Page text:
But Michigan didn’t submit any evidence to prove its claims, and Judge Drain wasn’t buying it.
“Michigan has not demonstrated how straight-party voting has damaged, or could possibly damage, the ‘purity’ of the election process,” District Court Judge Gershwin A. Drain wrote. “There is nothing ‘impure’ or ‘disengaged’ about choosing to vote for every candidate affiliated with, for example, the Republican Party,” Drain continued.
“Moreover, the idea that voting one’s party reflects ignorance or disengagement is, ironically, disconnected from reality,” he continued. “Even if ‘disengaged’ voting was problematic—and it is not—the Court finds that [the law] does nothing to encourage voters to be any more ‘engaged.’”
In North Dakota, plaintiffs challenged a law that required voters to present certain forms of voter ID and that did not have a “fail safe” provision which would enable a person who did not have the required voter ID to vote, which had existed before the law’s implementation in 2013. Plaintiffs claimed that the law severely burdened the Native American population in North Dakota, and submitted affidavits, studies, surveys, and other data in order to prove it. In response, North Dakota submitted nothing—not a shred of evidence that would back up its claim that the voter ID law was necessary to combat voter fraud.
Nothing wasn’t enough for Judge Daniel L. Hovland, who blocked the law.
“The undisputed evidence before the Court reveals that overcoming these obstacles can be difficult, particularly for an impoverished Native American,” he wrote.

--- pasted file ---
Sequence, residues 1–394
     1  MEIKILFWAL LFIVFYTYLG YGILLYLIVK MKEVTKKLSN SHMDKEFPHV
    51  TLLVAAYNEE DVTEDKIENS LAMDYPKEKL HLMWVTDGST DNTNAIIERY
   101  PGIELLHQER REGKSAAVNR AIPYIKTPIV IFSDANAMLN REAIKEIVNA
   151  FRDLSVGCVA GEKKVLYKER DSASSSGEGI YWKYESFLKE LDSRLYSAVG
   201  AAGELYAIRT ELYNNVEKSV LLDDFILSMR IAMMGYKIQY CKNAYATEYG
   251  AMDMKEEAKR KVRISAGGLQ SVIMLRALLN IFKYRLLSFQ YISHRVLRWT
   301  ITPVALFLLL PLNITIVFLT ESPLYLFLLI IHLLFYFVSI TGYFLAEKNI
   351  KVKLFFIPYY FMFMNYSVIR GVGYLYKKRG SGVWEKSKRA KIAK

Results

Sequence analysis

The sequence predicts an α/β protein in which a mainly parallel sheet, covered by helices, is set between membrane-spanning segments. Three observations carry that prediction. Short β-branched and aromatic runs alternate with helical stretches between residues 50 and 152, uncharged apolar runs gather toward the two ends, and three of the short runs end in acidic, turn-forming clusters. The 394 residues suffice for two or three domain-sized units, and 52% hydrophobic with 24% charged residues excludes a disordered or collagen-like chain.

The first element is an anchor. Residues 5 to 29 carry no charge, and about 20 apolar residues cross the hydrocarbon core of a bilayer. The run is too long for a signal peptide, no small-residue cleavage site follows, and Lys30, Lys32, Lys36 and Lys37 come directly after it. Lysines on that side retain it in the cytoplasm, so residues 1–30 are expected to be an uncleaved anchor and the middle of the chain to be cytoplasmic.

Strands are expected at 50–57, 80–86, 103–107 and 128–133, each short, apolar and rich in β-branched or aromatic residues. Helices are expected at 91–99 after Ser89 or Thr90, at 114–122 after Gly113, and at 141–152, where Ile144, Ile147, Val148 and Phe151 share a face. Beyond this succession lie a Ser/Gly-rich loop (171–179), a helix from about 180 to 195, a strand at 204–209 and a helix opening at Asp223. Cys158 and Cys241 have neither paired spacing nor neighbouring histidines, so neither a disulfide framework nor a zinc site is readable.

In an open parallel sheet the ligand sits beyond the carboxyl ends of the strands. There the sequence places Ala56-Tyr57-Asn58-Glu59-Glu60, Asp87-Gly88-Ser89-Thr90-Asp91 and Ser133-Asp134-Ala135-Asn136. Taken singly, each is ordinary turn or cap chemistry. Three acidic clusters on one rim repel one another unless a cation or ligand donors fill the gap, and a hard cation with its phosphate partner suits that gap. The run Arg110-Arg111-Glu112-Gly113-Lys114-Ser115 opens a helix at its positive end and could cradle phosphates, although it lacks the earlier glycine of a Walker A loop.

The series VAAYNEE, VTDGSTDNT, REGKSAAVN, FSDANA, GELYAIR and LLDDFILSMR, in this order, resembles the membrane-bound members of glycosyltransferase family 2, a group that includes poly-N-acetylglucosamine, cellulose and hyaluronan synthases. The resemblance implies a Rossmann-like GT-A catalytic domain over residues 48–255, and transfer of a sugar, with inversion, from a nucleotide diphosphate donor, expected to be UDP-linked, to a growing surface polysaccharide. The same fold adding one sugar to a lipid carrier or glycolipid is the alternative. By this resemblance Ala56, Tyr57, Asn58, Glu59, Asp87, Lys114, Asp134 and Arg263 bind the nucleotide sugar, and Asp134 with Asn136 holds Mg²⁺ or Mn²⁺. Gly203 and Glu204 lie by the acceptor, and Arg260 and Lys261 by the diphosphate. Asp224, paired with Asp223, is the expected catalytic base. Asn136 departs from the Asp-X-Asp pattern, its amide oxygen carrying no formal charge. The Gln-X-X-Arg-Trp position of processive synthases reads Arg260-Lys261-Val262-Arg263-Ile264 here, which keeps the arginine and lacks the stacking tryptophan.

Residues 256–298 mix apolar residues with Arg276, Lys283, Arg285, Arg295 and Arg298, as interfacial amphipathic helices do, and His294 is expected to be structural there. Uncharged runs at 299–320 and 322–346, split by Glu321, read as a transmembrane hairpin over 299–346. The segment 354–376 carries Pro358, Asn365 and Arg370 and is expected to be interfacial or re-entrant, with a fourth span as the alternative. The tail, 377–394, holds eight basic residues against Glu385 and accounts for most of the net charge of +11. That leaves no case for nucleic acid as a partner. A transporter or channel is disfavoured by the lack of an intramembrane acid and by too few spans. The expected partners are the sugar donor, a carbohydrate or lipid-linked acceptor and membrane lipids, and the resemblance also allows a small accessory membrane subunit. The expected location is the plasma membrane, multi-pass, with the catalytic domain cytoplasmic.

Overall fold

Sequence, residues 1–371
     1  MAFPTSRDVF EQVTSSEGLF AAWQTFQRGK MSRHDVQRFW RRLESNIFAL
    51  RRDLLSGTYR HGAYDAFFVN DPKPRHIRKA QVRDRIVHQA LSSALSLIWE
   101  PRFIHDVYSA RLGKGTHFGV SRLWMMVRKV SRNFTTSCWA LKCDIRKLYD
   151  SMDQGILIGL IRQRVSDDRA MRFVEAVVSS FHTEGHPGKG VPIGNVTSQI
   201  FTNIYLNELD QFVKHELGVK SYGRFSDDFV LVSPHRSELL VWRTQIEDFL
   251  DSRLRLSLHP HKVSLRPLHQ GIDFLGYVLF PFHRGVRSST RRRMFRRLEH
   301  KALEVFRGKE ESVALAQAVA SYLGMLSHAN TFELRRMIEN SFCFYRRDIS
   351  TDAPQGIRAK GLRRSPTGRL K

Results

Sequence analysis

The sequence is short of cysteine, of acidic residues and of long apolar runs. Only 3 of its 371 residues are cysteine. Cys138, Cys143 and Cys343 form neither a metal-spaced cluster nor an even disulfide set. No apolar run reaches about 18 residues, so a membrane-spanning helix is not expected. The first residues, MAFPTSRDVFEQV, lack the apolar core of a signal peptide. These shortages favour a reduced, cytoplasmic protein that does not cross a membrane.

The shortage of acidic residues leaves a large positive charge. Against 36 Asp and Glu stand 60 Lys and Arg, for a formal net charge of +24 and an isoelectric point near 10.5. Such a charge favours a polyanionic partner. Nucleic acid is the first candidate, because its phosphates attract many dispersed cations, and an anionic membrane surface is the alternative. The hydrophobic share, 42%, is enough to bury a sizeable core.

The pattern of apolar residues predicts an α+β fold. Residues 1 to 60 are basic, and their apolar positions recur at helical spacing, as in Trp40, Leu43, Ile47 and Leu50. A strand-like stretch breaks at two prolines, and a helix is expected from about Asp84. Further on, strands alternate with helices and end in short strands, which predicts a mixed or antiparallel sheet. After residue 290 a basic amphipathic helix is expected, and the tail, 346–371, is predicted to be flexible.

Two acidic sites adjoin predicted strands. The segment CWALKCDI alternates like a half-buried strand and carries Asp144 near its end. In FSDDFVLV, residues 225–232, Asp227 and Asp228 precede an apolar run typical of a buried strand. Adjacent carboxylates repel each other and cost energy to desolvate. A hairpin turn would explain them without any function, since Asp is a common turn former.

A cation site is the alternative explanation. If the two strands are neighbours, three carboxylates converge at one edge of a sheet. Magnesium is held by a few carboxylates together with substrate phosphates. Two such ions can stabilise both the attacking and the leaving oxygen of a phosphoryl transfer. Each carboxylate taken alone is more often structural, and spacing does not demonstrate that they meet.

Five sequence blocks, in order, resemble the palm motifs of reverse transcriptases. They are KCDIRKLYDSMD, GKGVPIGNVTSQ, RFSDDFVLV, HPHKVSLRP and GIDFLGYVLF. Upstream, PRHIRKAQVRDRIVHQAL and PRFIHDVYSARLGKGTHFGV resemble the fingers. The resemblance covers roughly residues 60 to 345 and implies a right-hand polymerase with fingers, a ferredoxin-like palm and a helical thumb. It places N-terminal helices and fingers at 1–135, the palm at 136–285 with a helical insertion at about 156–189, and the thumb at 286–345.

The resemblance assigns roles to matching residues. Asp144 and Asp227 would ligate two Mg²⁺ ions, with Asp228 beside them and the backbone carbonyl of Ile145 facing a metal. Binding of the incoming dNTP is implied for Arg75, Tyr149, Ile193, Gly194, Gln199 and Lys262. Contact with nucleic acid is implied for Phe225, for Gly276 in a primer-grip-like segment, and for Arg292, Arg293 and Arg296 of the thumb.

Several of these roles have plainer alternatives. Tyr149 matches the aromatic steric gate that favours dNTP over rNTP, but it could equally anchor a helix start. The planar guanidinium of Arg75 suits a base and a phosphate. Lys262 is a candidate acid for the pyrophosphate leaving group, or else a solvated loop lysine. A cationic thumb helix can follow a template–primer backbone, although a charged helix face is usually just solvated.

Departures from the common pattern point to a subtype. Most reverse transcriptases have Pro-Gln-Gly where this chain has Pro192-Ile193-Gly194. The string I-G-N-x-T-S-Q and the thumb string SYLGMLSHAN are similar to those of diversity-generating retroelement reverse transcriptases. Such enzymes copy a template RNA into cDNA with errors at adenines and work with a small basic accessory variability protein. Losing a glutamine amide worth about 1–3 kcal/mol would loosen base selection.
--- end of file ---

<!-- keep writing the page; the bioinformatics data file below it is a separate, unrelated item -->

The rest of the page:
Recognizing North Dakota had a valid interest in preventing voter fraud and promoting voter confidence, Hovland ruled that “those interests would not be undermined by allowing Native American voters, or any other voters who cannot obtain an ID, to present an affidavit or declaration in lieu of one of the four forms of permissible voter IDs.”
“No eligible voter, regardless of their station in life, should be denied the opportunity to vote,” Hovland said.
The losses suffered by Republican-dominated legislatures in Wisconsin, North Carolina, Michigan, and North Dakota, combined with federal court decisions striking down other voter restrictions in Kansas and Ohio (both decisions pre-date Whole Woman’s Health but certainly fit into a post-Whole Woman’s Health zeitgeist) suggests that judges are, as Mark Joseph Stern put it in Slate, “fed up with being treated like dolts by Republican legislators who lie through their teeth about the intent of draconian voting restrictions.”
Whole Woman’s Health has provided those irritated judges extra ammunition to shoot down unnecessary voter ID laws.
In a post-Whole Woman’s Health world, courts do not have to simply accept whatever lies a legislature decides to tell as “legislative fact.” If when a legislature says “to promote women’s health and safety,” it is nevertheless apparent that it means “to reduce abortion access,” then that law will not, as Justice Ruth Bader Ginsburg put it in her two-paragraph Whole Woman’s Health concurrence, survive judicial inspection.
The same can be said of voting rights. Courts do not have to accept “to preserve the integrity of elections” as an explanation when the obvious goal is “to keep people of color from voting.”
States can still say anything. But now, it’s more likely that they’ll have to prove it.